— Jonah Ven 李明恩 (@jonah_ven) June 8, 2019
As outrage over the curriculum grew online, Group VBS issued a statement on Saturday, June 8, defending their decision.
Saying that teachers who were offended by the curriculum should merely “omit words,” the company claimed that their lesson plan wasn’t racist because there were slaves when the Bible was written:
“Even though some of these biblical accounts are ugly, we feel it’s important to help children truly understand what is recorded in the Bible, and grow in their relationship with the Lord.”
Now @GroupVBS is making a version of the same argument as slaveholders: Since slavery is in the bible it is ok to have kids pretend they're slaves. And just pretend that is unrelated to US slavery. And their cultural appropriation/misrepresentation is a compliment. #trash https://t.co/9QVNfQXwZY
— Wil ❤️ All God’s Children???? (@WilGafney) June 8, 2019
When @tandyadams – director of family ministries at her church – reached out to @GroupVBS about her concerns with the slavery lesson, this was their reply, doubling down that it was good and biblical: pic.twitter.com/F75aUcXHCT
— Shannon Dingle (@ShannonDingle) June 8, 2019
By Monday June 9, however, in the face of even more backlash, Group VBS rethought their stance and issued an updated curriculum with the problem areas edited out.
Thom Schultz, President of the publishing group, issued a statement saying:
“We realized the modifications needed were very important, and we wished to save our users the work of making the changes themselves.”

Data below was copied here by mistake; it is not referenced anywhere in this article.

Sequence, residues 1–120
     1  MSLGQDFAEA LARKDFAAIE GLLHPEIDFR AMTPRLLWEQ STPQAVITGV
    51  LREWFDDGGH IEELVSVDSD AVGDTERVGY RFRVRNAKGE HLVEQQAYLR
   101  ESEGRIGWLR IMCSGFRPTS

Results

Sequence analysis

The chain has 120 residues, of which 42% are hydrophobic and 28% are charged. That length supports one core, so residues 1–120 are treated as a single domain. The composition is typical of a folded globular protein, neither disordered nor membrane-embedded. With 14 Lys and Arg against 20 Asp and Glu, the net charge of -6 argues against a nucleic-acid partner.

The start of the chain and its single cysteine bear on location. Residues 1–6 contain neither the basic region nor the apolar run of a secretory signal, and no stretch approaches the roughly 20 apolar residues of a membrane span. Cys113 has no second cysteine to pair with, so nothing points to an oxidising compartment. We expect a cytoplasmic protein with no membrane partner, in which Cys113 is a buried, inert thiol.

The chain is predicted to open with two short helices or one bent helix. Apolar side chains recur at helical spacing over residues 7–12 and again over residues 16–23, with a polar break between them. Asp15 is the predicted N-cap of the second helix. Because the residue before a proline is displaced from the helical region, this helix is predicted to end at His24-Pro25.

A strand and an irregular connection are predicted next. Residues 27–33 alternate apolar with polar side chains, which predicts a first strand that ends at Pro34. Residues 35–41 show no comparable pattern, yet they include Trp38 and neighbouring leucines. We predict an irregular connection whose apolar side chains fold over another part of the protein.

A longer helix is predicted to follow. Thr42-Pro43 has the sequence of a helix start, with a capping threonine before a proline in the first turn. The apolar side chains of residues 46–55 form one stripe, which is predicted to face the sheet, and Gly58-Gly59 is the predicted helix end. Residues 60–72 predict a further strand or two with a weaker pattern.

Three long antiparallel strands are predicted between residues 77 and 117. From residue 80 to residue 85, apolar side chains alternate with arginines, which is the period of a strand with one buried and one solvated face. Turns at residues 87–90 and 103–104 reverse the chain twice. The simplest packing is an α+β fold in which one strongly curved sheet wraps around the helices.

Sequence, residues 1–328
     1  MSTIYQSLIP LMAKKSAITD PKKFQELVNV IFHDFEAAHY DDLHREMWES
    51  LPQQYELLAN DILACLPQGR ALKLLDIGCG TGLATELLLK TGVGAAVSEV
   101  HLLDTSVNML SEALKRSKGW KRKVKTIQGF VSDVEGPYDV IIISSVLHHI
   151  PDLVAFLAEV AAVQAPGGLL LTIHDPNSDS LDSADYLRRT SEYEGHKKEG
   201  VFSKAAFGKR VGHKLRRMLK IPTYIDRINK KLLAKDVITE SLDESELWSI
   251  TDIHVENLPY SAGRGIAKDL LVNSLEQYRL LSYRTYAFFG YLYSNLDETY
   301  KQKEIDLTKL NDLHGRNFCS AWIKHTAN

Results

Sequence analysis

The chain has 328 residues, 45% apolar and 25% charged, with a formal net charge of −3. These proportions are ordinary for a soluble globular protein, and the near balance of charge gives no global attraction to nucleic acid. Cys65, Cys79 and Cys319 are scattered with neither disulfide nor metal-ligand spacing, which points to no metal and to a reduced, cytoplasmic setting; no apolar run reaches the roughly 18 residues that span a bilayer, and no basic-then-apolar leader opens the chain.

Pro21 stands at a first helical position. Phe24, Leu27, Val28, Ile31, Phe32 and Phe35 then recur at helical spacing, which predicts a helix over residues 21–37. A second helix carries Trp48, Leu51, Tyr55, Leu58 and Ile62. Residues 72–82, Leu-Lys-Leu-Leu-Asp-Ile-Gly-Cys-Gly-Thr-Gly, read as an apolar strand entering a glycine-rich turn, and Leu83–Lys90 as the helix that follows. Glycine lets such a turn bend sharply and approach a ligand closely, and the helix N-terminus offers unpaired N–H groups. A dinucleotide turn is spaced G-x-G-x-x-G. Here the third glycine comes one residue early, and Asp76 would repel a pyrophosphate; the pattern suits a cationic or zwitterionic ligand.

Hello, Friends in Ministry! Thank you for calling to our attention some concerns with some experiences in Roar VBS. We…
I called and had a very good conversation with a staff member unpacking the racist impact of the Roar curriculum.
Intent vs impact
And some ways to repent and change.
I am hoping they can make this right.
— Nathan Irons Roberts (@Nathaniroberts) June 10, 2019
While all of the three writers who worked on “Roar” were white, the company claims they tested their program on families of many backgrounds “including African Americans.”
Jonathan Wilson-Hartgrove, a minister who often addresses race and its intersection with Christianity, said that this is far from an isolated incident, however:
“White culture is normative for the people writing and developing their materials…A lot of curriculum for churches is created by mostly white Christians who’ve not done the work to examine their own whiteness and how it has shaped their faith.”
This is an unacceptable response. What am I supposed to tell the parents in my church who actually speak a language you call a "click language" about this lesson?
— Jordan Haynie Where, O Grave, is Thy Sting? (@GodWelcomesAll) June 8, 2019
Schultz said the company plans to form a “cultural advisory” group to train its staff about racial insensitivity and help ensure issues like this one don’t happen in the future.
“We, along with many other Christians, regret the mistakes made by our ancestors and contemporaries in some of their evangelistic attempts around the world. Today we want children to grow with a full appreciation and honor of other cultures.”